I get embroiled a lot in the whole `is recruitment a sales job?` argument, basically because it isn’t. In my opinion. Of course.
The question always rears its head because there is a perfectly valid argument that every client communication, every candidate communication and every job discussion is a sell; as such. It was the last example however that has twice grated me recently.
Ok, 16 years ago, I was taught to `sell` a job to a candidate. Why? To increase the chances of them saying `yes` to going forward for the position. Why? To have more candidates for the job. Why?… I don’t know… save face, maybe??
I quickly learned that `selling` candidates jobs was tantamount to what Estate Agents do to enhance their viewing figures. It’s worth a go – they may not buy, but it was good for them to see it.
But hold on a minute. The more relevant lesson in my days of training, was that the benefits of a recruitment service are to save the client time and money?
So beyond that, there is the difference between a salesperson, and a consultant. Both ways they are the middle man, the opportunity carrier. But the sales person has 1 objective. The sell. The Consultant has different objectives that centre around advising on, and satisfying the needs of the 2 parties for which he/she represents. Now where does sales fit in that process?
You see, to call recruitment a sales job, is frankly demeaning the substance of the responsibility that we gleefully charge a fee for. I charge a fee to consult, not to achieve sales figure targets. My client pays me to save time and money and deliver experise, not for me to crowbar a job-seeker towards a role they are barely 70% keen on, just to satisfy the content of the `pitch`. I have a client that over the course of the recent December/January period I had 7 ultimately completed roles with. I was in competition with 3+ other agencies, and placed 5 of them. To achieve those 5 placements, I had 8 interviews. To achieve those 8 interviews; after consultation on the client’s very specific needs, and the needs of the range of candidates I considered; I sent 10 CVs. THAT is called saving time and money for client, and finding a solution that satisfies my own personal financial goals.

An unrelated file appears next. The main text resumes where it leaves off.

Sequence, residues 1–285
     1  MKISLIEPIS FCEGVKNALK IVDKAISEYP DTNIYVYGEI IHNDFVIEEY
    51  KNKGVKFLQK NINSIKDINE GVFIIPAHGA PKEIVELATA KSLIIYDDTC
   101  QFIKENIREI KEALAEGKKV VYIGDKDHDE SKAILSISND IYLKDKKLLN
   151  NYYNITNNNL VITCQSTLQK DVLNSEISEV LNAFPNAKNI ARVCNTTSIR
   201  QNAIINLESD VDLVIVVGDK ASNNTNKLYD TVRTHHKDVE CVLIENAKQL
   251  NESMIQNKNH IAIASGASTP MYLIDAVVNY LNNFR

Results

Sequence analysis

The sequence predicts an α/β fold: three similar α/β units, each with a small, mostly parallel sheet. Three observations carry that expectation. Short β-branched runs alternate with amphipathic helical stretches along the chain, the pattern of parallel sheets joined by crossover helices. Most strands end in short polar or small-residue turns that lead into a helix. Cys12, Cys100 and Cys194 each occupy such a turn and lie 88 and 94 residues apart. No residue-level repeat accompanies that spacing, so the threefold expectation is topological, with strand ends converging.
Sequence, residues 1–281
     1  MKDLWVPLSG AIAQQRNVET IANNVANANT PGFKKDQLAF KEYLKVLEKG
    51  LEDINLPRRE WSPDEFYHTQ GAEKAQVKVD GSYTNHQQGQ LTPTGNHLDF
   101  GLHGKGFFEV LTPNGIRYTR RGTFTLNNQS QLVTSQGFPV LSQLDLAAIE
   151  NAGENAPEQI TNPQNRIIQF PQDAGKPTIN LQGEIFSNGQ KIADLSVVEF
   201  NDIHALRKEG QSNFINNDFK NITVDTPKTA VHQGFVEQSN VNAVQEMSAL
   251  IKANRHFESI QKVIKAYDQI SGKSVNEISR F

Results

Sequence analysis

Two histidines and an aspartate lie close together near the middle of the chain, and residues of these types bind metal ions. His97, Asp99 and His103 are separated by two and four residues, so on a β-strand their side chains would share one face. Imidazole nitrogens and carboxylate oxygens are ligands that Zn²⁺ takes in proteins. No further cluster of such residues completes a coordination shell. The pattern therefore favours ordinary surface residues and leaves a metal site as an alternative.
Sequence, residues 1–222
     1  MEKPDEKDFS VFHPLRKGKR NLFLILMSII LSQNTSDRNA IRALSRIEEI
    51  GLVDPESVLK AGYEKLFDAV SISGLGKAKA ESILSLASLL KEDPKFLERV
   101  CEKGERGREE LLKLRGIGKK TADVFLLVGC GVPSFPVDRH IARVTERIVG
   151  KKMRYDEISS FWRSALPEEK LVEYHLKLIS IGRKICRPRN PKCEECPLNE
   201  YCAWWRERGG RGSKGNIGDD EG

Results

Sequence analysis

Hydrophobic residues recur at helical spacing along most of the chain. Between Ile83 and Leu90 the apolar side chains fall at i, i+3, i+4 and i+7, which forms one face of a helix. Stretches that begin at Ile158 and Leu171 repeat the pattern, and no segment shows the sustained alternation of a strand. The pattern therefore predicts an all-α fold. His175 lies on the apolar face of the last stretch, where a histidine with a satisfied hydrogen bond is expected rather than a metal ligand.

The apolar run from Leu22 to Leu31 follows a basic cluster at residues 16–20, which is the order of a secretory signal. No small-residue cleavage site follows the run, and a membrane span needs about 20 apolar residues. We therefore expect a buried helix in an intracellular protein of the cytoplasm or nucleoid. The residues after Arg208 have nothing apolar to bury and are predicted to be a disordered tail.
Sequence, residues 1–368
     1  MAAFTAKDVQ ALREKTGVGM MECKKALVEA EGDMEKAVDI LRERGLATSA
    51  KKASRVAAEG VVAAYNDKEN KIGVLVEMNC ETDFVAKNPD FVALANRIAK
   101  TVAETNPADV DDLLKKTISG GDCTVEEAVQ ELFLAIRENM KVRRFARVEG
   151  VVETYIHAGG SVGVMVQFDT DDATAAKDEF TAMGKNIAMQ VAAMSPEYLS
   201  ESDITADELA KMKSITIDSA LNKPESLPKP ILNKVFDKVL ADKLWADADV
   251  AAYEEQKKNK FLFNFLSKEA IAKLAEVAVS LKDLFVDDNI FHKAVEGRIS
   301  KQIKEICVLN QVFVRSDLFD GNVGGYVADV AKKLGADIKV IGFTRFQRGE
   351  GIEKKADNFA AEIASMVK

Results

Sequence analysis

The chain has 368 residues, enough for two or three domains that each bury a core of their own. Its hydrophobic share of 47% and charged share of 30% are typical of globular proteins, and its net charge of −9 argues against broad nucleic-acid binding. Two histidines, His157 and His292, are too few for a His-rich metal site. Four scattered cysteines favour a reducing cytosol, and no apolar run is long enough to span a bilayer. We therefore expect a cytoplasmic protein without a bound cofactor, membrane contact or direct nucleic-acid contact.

I recognise that 90% of recruiters are considered `sales people`, but over 50% of recruiters change jobs every year. Because of sales? Because of lack of success? Well a combination of all sorts. I am convinced that many of them just want to be good consultants. Sadly they get pigeon-holed into focusing only on on sales and KPI targets. And that’s demoralising for someone with great talent recognition and client consultancy skills.
And it’s demoralising for the reputation of the industry.